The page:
CHENNAI: There have been numerous films about damsels in distress and valiant young men racing to rescue them often from the clutches of evil forces.
And Indian director Faruk Kabir’s Hindi-language drama on Disney+ Hotstar, “Khuda Haafiz,” weaves its story around the same theme.
However, in this movie the male lead, well-known martial arts expert Vidyut Jammwal, is cast in a role that gives him little scope to use his fists and legs in often orchestrated fights. At least, for most of the screen time he gets.
The former hero of several “Commando” movies, Jammwal plays newlywed Sameer Chaudhary who is married to Nargis Rajput (Shivaleeka Oberoi) the daughter of a Hindu-Muslim couple chosen by his parents.
The loved-up couple settle in a small Indian city but when they lose their jobs as a result of the 2008 global recession they find themselves taking an assignment from a slimy agent to work in an Arab country, seemingly oblivious to the danger that lies ahead.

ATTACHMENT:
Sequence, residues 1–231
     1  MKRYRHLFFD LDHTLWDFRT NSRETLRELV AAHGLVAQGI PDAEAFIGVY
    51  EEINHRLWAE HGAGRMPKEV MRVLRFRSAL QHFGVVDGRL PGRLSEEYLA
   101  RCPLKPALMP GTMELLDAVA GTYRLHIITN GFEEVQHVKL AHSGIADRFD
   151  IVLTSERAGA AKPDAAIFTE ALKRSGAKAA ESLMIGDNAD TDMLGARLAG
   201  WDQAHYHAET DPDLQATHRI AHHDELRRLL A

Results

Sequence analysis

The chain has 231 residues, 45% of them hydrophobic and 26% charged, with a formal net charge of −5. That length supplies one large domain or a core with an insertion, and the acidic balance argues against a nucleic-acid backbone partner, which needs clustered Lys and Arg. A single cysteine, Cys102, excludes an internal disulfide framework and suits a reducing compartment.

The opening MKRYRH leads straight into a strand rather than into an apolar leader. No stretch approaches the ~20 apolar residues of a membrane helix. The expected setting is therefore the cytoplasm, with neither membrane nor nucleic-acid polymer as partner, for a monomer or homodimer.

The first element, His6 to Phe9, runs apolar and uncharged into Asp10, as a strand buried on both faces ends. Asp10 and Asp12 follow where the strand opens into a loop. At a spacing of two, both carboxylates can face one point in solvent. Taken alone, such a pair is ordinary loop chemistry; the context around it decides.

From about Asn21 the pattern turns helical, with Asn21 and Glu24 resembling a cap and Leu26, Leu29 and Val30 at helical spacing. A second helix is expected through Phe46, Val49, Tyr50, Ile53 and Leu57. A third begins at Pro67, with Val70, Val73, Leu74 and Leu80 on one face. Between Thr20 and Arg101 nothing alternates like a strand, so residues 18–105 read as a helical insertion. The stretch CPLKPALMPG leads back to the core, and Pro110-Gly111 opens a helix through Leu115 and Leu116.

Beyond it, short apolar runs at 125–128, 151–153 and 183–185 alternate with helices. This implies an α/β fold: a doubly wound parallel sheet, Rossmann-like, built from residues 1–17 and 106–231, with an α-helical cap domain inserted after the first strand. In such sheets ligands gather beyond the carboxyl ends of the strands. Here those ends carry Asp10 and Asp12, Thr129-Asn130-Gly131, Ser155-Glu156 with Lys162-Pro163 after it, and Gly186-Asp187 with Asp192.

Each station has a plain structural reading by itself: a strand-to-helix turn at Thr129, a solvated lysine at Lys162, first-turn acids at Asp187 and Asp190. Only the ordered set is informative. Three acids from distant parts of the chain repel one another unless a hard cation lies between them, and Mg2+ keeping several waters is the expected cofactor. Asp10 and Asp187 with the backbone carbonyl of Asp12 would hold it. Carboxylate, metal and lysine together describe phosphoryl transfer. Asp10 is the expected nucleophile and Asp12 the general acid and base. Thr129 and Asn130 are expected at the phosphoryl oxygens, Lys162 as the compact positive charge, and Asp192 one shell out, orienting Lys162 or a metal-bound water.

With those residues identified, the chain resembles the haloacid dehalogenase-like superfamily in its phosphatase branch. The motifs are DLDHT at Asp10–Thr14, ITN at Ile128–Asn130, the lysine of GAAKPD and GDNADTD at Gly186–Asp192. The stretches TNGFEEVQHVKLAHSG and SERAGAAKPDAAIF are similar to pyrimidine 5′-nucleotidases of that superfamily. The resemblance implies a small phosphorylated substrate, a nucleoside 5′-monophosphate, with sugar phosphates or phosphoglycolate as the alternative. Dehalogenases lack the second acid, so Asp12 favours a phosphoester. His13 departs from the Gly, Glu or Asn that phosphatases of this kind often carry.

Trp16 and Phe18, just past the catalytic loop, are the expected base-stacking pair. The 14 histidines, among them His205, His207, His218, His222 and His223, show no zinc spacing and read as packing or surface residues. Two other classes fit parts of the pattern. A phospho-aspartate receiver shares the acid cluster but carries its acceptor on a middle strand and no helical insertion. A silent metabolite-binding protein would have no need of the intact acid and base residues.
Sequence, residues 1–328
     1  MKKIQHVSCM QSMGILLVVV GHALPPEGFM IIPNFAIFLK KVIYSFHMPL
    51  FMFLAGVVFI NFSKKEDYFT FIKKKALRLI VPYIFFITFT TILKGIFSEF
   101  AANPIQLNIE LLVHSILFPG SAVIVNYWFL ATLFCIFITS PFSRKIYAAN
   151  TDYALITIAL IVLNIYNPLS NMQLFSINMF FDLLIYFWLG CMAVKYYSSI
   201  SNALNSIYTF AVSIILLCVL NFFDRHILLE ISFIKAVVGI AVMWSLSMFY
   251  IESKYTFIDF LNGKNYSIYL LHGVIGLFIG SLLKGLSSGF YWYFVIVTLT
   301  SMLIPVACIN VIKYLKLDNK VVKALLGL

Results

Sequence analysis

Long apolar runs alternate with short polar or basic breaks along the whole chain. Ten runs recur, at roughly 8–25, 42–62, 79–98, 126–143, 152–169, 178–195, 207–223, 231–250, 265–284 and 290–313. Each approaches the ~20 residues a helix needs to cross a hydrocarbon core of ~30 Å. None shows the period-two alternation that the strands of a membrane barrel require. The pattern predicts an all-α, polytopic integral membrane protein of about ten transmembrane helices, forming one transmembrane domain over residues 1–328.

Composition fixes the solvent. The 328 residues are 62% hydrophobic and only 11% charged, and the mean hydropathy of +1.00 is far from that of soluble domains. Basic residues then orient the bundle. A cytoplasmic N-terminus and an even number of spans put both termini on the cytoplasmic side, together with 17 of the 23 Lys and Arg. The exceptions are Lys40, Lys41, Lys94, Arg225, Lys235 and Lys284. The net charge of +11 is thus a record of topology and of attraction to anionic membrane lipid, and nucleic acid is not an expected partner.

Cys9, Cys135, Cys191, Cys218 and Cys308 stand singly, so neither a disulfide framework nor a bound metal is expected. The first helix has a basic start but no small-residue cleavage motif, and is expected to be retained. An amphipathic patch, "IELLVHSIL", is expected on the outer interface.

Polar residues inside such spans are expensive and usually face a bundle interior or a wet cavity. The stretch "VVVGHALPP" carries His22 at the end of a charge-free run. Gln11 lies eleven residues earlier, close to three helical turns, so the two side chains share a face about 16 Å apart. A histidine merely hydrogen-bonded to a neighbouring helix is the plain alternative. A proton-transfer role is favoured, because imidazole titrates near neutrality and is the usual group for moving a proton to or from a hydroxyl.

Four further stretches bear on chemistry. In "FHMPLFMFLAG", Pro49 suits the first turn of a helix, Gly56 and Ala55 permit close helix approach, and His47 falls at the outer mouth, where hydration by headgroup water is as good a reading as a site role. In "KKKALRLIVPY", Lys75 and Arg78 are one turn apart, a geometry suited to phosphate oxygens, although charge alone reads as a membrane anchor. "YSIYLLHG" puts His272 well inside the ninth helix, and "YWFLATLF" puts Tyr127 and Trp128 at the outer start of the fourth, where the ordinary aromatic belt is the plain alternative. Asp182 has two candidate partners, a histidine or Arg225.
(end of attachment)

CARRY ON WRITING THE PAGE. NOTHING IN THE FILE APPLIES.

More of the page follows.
Chaudhary is uneasy when he finds out that his wife has to report for duty a few days before him and his fears are confirmed when no sooner does her plane land, she is whisked away from the airport by a gang operating a prostitution ring.
A frantic, but garbled call from Rajput to Chaudhary forces him to rush to the Arab country, where friendly Afghan taxi driver Usman (Annu Kapoor) lends a helping hand to trace his missing wife.
Help also comes from local police officers Faiz Abu Malik (Shiv Panditt) and Tameena Hamid (Aahana Kumra), and although the film’s twist comes at the end, it is fairly clear to see how the plot will pan out.
Kapoor is his usual brilliant self (as witnessed in “Vicky Donor” as a fertility doctor and “Jolly LLB 2” as a defense attorney) but some of the other acting performances are nothing to write home about.
Jammwal may be subdued, but he is wooden and cannot bring out the angst of a man whose new wife is lost and in serious danger. Oberoi does better but fails to help lift the film to an emotionally dramatic level.
“Khuda Haafiz” often seems contrived, and even Kapoor with his exceptionally moving performance can do precious little to take the plot away from its fixation with the hero.